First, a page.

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The UK’s new vaping laws explained

From today, vaping gear sold in the UK must adhere to a new set of specific guidelines. That’s because last year, the EU updated its regulations covering tobacco products to include e-cigarettes and e-liquids for the first time. When these first came into effect, almost all types of e-cig advertisements were immediately banned, given they effectively promote the consumption of nicotine, an addictive substance. And now, exactly one year later, the rules that actually impact what vaping products are legally eligible for sale have come into force.

The next time you dive into a vape shop, you’ll see obvious changes to packaging, and limited options when it comes to e-liquid refill and e-cig tank sizes. Behind the scenes, manufacturers also need to notify regulators of new products months before they’re permitted to go on sale. But if you’ve watched the video above, you’ll obviously be clued up on all that already.

[Thanks to Avant Garde E Liquid for letting us drop in to film]

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Ms. A. C. Kennedy
My name is Ms A C Kennedy and I am a Health practitioner and Consultant by day and a serial blogger by night. I luv family, life and learning new things. I especially luv learning how to improve my business. I also luv helping and sharing my information with others. Don't forget to ask me anything!

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UK drone rules will require you to take safety tests

UK drone rules will require you to take safety tests

US officials might be easing up on drone regulations, but their UK counterparts are pushing forward. The British government has instituted rules that require you to not only register any robotic aircraft weighing over 250g (0.55lbs), but to take a "safety awareness" test to prove you understand the drone code. Regulators hope that this will lead to fewer drones flying over airports and otherwise causing havoc in British skies. Not that they're taking any chances -- the UK is also planning wider use of geofencing to prevent drones from flying into dangerous airspace.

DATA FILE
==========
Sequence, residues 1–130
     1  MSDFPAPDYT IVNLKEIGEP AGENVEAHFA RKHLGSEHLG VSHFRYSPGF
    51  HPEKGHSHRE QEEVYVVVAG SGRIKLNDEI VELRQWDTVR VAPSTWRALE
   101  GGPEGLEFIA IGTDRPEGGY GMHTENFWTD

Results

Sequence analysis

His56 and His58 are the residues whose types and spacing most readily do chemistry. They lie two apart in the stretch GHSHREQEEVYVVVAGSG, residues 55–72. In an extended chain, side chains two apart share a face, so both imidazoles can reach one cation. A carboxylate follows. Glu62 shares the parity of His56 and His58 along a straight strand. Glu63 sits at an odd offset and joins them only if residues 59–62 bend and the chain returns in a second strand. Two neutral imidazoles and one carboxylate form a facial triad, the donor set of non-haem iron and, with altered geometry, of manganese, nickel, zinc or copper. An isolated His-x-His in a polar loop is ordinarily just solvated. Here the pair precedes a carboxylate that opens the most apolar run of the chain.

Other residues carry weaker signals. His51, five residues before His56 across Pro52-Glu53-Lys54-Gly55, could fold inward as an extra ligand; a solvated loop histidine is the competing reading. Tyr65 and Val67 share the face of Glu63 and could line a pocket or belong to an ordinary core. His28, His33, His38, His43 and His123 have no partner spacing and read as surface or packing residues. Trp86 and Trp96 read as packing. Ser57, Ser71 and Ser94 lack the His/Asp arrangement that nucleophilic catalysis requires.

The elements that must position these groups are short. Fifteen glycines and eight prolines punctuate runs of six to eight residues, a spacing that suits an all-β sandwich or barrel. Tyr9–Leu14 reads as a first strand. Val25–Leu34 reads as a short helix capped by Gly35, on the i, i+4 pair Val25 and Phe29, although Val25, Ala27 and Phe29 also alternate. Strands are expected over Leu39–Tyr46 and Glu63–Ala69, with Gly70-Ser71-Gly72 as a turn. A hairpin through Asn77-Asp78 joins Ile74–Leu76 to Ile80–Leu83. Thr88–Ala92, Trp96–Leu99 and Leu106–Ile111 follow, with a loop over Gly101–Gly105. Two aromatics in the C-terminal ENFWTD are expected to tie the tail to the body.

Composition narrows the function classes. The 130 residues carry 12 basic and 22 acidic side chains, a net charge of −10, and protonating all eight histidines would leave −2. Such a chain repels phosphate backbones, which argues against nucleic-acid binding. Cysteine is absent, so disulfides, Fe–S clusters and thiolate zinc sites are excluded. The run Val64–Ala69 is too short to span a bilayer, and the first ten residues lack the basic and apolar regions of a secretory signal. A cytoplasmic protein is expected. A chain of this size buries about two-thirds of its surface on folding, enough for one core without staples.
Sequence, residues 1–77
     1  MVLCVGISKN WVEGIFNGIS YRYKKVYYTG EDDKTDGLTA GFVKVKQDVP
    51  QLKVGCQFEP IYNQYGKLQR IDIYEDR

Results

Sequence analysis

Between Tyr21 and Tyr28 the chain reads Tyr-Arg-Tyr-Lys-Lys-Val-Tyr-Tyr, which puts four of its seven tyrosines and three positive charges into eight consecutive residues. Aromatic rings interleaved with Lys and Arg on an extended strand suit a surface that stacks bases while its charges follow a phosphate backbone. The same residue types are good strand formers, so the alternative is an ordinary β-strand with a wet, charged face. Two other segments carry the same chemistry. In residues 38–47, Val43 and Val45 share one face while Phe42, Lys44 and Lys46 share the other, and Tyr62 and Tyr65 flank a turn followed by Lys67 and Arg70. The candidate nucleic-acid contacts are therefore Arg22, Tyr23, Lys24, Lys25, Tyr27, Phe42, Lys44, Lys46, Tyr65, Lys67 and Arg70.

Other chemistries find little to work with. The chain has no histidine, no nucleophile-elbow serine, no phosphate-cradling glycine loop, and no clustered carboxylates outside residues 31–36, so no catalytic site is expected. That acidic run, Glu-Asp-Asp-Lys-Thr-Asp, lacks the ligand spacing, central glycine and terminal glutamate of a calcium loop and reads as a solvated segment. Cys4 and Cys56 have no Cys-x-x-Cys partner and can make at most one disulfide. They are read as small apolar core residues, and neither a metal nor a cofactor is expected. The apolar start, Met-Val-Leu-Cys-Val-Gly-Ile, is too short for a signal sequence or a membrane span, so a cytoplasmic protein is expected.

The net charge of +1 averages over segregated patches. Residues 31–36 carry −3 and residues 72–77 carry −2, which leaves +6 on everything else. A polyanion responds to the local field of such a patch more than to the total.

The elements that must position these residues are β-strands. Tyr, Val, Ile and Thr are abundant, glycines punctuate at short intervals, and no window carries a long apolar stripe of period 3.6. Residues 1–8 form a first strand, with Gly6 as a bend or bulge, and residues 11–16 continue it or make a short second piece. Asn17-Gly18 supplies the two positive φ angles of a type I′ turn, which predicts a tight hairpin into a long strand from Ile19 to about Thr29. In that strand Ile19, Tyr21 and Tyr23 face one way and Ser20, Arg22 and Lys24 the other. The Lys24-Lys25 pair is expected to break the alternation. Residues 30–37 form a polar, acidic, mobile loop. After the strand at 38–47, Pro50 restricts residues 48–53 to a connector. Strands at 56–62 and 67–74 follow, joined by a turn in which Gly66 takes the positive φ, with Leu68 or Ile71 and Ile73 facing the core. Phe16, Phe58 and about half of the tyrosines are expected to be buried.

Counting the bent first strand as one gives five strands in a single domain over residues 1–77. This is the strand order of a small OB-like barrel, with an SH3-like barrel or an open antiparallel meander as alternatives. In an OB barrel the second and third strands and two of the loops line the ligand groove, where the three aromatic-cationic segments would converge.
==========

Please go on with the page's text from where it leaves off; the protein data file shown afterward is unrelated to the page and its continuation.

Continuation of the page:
The new rules come following a study highlighting the dangers of wayward drones. A smaller drone isn't necessarily safer than its larger alternatives, for example -- many of those more compact models have exposed rotors that can do a lot of damage. A drone weighing around 400 g (0.88lbs) can crack the windscreen of a helicopter, while all but the heaviest drones will have trouble cracking the windscreen of an airliner (and then only at speeds you'd expect beyond the airport). While you might not cause as much chaos as some have feared, you could still create a disaster using a compact drone.

It's nothing new to register drones, of course, and it doesn't appear to have dampened enthusiasm in the US. The test adds a wrinkle, though: how willing are you to buy a drone if you know you'll have to take a quiz? The test likely won't slow sales too much, if at all, but it could give people one more reason to pause before buying a drone on impulse. Manufacturers appear to be in favor of the new rulebook, at any rate -- DJI tells the BBC that the UK is striving for a "reasonable" solution that balances safety with a recognition of the advantages that drones can bring to public life.

Source: Gov.uk (1), (2)

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